In early 1969, Loew’s hired John J. McNamara, an associate of well-known theater architect Thomas W. Lamb, to convert the Kings from a single screen theater to a triplex. The plans called for the orchestra level to be divided into two screens with a third screen in the balcony. The balcony floor would have extended to the proscenium, and much of the ornamental plaster, including the columns would have been removed. Since the balcony of the theater is very short, the cost of extending it and dividing the orchestra would have been excessive. Dorothy Panzica paid a visit to Loew’s Corporate Headquarters in Midtown Manhattan as soon as she heard about these plans and convinced them to preserve the theater as a single screen.

The Kings 40th anniversary cake was donated by Ebinger’s, a Brooklyn bakery known for the “Brooklyn Blackout” Cake

1969 was also the 40th anniversary year of the Kings, and Dorothy Panzica made sure there was a huge celebration. Together with the Flatbush Merchants Association, the theater celebrated the occasion with a month of contests and prizes culminating in a gala event at the theater on October 3, 1969. The Purple Wood, a band that has since faded into obscurity, entertained crowds in front of the theater. Eventually the crowds grew so large that police had to cordon them off from the arriving guests. Ebinger’s, a local Brooklyn bakery, baked a special cake that read “Congratulations Loew’s Kings 40th Anniversary – Donated by Ebinger’s” just for the occasion. Among the people attending the event were: Brooklyn Borough President Abe Stark, Jack Rosenberg (president of the Flatbush Merchants Association), Bernard Diamond (VP of Loews Theatres), Harold Graff (Loews Division Manager), and Daniel Cohen (Loews Eastern General Manager and former manager of the Kings).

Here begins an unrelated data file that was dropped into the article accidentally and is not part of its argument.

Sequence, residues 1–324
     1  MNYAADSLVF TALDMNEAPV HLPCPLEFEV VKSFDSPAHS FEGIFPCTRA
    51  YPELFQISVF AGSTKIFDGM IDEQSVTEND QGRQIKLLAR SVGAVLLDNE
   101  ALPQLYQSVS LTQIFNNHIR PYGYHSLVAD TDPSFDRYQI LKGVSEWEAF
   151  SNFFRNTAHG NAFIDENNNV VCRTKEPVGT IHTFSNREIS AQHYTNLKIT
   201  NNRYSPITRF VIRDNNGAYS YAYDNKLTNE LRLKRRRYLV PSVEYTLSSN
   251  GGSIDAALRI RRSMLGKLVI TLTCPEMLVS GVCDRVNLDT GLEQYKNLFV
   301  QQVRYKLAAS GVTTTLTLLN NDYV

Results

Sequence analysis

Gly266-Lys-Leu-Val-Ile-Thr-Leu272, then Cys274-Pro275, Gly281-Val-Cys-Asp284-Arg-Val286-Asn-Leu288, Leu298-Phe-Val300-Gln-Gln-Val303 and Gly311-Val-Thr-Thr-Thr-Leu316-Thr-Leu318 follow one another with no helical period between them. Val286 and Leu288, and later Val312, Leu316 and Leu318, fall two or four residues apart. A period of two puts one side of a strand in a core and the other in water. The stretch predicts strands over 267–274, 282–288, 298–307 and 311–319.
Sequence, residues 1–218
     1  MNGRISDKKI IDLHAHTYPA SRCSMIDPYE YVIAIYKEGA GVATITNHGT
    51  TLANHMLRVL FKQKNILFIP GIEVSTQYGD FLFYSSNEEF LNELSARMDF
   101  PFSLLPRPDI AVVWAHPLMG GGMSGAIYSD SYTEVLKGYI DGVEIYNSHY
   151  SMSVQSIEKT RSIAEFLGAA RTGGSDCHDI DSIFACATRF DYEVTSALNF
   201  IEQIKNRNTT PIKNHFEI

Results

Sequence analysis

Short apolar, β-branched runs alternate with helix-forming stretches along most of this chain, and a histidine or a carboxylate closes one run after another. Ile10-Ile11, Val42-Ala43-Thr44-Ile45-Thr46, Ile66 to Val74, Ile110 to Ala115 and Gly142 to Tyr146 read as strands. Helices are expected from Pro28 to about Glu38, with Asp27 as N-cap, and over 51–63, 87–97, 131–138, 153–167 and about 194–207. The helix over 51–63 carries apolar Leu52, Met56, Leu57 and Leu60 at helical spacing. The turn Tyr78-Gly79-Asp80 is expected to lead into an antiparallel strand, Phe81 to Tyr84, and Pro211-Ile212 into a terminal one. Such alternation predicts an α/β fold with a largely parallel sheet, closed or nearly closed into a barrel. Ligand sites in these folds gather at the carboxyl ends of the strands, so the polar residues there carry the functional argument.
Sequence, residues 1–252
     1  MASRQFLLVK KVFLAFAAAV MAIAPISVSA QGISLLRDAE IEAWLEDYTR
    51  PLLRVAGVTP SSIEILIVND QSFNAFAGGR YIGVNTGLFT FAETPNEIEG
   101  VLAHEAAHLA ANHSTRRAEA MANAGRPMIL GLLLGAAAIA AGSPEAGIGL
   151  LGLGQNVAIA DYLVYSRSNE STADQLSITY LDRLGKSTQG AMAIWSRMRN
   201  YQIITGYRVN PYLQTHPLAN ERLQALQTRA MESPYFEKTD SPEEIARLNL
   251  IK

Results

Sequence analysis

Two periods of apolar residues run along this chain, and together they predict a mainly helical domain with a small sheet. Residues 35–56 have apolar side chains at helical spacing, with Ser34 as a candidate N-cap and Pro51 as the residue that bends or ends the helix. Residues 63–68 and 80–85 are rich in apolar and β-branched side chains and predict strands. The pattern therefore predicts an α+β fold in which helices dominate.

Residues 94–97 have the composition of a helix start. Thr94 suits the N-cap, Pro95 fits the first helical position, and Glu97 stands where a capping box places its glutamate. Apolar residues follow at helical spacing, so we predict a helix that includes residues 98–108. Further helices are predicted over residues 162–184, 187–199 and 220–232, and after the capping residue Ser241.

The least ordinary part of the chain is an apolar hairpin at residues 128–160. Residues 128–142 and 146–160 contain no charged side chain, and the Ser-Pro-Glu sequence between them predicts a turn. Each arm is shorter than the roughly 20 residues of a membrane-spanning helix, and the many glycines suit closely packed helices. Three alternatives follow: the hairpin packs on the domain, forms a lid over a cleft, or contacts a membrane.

Panzica’s promotion for The Way We Were was inspired by an article in Flatbush Life titled “Filthy Flatbush Avenue.”

Flatbush experienced a shift in demographics in the late 1960s and early 1970s. Many of the Italian, Irish, and Jewish families that once made up the neighborhood moved to the suburbs, and businesses began to follow. In early November 1973, Panzica picked up the theater’s copy of Flatbush Life and saw the front-page article titled “Filthy Flatbush Avenue.” She was outraged and immediately set up a meeting with a number of local merchants, who, like Panzica, were angry at the article because it would drive customers away. The group brainstormed a number of ideas before deciding that they should organize a neighborhood cleanup. Panzica, ever the show-woman, used the cleanup to promote an upcoming film – The Way We Were starring Barbra Streisand and Robert Redford. She had signs made that said, “Flatbush is beautiful. We are polishing up ‘The Way We Are’ for ‘The Way We Were.’ See Streisand and Redford Together at the Loew’s Kings starting Wed Nov. 14th.” Ushers and volunteers carried those signs as they swept and picked up trash along Flatbush Avenue. Panzica was awarded first prize in the Columbia Pictures The Way We Were showmanship contest for her efforts in promoting the film.